Thu | Oct 22, 2020

END OF AN ERA - PNP campaign warrior D.K. Duncan dies

Published:Friday | September 18, 2020 | 12:18 AMRomario Scott/Gleaner Writer



Dr D.K. Duncan, a veteran political street campaigner, is seen here in a March 1982 photograph.
Dr D.K. Duncan, a veteran political street campaigner, is seen here in a March 1982 photograph.

Donald Keith Duncan, one of the legendary generals of the People’s National Party (PNP) who steered it during the tumultuous upheaval of the 1970s, is dead, forced to retreat from the political battlegrounds where the coronavirus was an invisible hand.

A polarising force in Jamaican politics, the one-time minister of mobilisation could not resist helping to scour constituencies in August for votes for his two daughters, Imani and Patricia, who were to face the electorate for a second time.

But in the climax of the hustings, COVID-19 struck.

Duncan, 80, died on Thursday at The University Hospital of the West Indies a disappointed Comrade, bruised by the September 3 election losses suffered by both daughters.

Prime Minister Andrew Holness acknowledged Duncan’s stature in Jamaican politics, underscoring that he was a force to be reckoned with.

Holness said Duncan was a passionate man who played a key role in shaping the politics of Jamaica during his time.

Former Prime Minister P.J. Patterson hailed his late Comrade whose contributions to the PNP he described as “substantial and legendary”.

“His commitment to political and social change through service is the hallmark of his long and impactful political career. His unyielding commitment was to the upliftment of the masses, to elevate and inspire Jamaica’s underprivileged and marginalised people with whom he had an abiding affinity,” Patterson said in a statement on Thursday evening.

“D.K. was a man of strong and passionate convictions on what Jamaica can be and become and what the Jamaican people can achieve. His devotion to activism was to these ends.”

Wanted to transform Ja

Duncan’s foray into politics began in 1966 when he was the PNP campaign manager in the St Ann North Western local government elections. He was a dentist in Brown’s Town, having graduated from McGill University in Canada. He later served as PNP campaign manager for various candidates in the general elections of 1967 and 1972.

He had been among a group of bright, driven radicals of that era who wanted to transform Jamaica through socialism to serve the masses, the majority of whom were black and underprivileged.

The PNP was the vehicle to accomplish the mission in a fiercely ideological era where the forces of communism and capitalism converged.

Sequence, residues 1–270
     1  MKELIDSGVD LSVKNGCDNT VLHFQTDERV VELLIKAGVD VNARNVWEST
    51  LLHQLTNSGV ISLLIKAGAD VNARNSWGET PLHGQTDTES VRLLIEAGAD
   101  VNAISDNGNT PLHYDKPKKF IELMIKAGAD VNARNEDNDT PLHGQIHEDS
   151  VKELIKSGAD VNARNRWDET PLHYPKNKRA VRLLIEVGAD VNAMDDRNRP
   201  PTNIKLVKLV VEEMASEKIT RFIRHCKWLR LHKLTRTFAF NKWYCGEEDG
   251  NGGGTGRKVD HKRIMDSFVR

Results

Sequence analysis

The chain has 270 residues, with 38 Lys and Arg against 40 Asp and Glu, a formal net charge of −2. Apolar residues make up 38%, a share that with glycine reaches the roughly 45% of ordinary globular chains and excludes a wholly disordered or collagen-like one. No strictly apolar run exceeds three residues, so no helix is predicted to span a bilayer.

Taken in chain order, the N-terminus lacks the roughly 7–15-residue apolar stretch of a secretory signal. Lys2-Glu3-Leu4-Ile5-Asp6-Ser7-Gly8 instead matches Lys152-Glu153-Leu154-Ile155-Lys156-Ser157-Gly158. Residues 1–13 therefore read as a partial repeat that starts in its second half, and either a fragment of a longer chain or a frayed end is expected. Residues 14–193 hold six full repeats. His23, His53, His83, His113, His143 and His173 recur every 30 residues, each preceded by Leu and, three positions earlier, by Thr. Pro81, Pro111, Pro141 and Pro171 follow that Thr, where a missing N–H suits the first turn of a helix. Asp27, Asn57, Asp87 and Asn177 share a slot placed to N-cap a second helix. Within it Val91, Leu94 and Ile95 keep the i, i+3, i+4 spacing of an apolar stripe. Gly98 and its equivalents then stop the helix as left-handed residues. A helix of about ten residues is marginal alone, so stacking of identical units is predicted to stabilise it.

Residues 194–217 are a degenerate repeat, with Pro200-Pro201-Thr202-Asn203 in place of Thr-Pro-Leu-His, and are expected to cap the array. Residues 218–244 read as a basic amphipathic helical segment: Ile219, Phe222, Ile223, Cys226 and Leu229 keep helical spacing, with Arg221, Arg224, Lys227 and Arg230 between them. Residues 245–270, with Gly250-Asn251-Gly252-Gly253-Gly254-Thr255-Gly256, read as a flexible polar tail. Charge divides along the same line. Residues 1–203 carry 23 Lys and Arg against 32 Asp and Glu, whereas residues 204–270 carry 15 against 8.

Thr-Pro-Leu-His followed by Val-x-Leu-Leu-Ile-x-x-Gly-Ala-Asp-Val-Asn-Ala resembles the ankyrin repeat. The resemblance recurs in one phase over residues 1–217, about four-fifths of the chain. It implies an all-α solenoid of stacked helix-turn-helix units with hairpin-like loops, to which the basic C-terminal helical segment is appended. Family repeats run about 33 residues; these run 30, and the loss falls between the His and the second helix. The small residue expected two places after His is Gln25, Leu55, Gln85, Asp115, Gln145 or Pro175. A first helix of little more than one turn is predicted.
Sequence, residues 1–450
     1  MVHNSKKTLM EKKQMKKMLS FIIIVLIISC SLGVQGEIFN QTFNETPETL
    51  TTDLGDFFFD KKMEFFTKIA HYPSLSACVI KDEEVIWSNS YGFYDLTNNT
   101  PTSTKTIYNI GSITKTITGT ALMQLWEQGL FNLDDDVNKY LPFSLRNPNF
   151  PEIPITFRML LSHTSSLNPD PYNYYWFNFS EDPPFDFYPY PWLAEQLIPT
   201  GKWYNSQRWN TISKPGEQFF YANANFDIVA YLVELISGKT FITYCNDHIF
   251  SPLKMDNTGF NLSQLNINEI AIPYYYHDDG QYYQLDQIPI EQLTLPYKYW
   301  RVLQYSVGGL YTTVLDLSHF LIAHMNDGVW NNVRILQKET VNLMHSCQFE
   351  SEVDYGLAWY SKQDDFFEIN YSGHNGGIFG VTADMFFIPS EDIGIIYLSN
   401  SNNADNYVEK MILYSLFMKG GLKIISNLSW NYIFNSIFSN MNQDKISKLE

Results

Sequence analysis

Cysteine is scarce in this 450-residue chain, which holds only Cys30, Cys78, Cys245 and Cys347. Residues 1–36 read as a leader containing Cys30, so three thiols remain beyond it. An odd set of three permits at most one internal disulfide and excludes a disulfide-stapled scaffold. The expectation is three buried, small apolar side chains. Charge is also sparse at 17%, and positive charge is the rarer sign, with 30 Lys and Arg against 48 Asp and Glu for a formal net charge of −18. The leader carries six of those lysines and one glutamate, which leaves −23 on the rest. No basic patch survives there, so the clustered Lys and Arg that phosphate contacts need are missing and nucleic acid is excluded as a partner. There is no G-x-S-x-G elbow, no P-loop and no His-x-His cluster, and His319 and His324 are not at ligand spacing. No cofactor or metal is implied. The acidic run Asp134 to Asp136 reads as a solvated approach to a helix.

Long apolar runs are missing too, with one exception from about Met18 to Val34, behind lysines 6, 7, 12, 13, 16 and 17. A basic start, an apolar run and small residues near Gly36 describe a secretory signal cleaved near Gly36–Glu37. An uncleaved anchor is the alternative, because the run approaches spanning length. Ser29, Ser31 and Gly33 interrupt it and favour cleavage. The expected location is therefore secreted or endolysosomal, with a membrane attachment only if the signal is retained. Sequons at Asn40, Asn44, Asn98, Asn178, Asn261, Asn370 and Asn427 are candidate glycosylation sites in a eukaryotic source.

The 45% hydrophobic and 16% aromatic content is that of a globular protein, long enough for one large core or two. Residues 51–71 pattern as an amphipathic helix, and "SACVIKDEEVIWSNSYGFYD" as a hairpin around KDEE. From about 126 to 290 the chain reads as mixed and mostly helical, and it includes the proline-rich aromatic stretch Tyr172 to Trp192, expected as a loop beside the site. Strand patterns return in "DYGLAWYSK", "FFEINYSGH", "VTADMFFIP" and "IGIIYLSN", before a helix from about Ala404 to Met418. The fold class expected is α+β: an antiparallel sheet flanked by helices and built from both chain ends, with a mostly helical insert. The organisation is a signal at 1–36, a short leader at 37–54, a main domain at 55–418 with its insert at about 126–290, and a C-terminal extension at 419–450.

Duncan gained an enviable reputation for being a political strategist and executioner and is credited with helping to develop the PNP’s electioneering strategy that propelled Michael Manley into power in 1972.

He represented the constituencies of St Andrew East Central between 1976 and 1980 and Hanover Eastern between 2007 and 2016.

“He was very analytical. He was one of the first persons to use scientific data. He would try and get information from the ground to know what was going on in order to plan. In other words, he didn’t start planning from his head,” Paul Burke, former PNP general secretary, told The Gleaner on Thursday.

Veteran trade unionist Lambert Brown told The Gleaner that Duncan was a “PD-by-PD” man - tactical smarts that might have spared the PNP the carnage of 49-14 election defeat two weeks ago.

Duncan succeeded Ken Chin-Onn as PNP general secretary in 1974. It was a post he held until 1981, shortly after the PNP lost the 1980 election in a landslide in a period of apocalyptic bloodshed.

In 1980, at Spanish Town’s Munamar Square, Duncan was caught on television footage standing with Michael Manley. Munamar Square was in the heart of the JLP bastion of St Catherine Central.

There, Bruce Golding of the JLP reigned.

The battle was bitter, but Manley and Duncan stood their ground even when other Comrades fled as gunshots rang out.

Burke described the defeat of the PNP in 1980 when Duncan was general secretary of the party as an “electoral defeat as well as a military defeat”.

The bromance between Manley and Duncan after the defeat also withered.

Duncan was a polarising figure in Jamaican politics who crushed enemies who crossed him. But Brown argued that Duncan, too, could put country above self and even form unlikely alliances.

In the 1990s, Duncan and Golding forged the New Beginning Movement, which then blossomed into the National Democratic Movement.

Burke contends that Duncan left the PNP because it had veered too much to the centre of political ideology.

“He wanted good for Jamaica, and he felt that somehow, elements inside the PNP and JLP who were disenchanted could come to together in the NDM, could come together and create a new and different society,” he said.

Duncan’s family, many of whose careers span politics and businesses, described the late political stalwart as a “deeply caring” man who “lived with a generosity of heart”.

The family, including JMMB execs Donna Duncan and Keith Duncan, said: “DK, husband, father, grandfather, great-grandfather, brother, uncle, and our bona fide friend was a giant for us. He had a special relationship with his four brothers.”

romario.scott@gleanerjm.com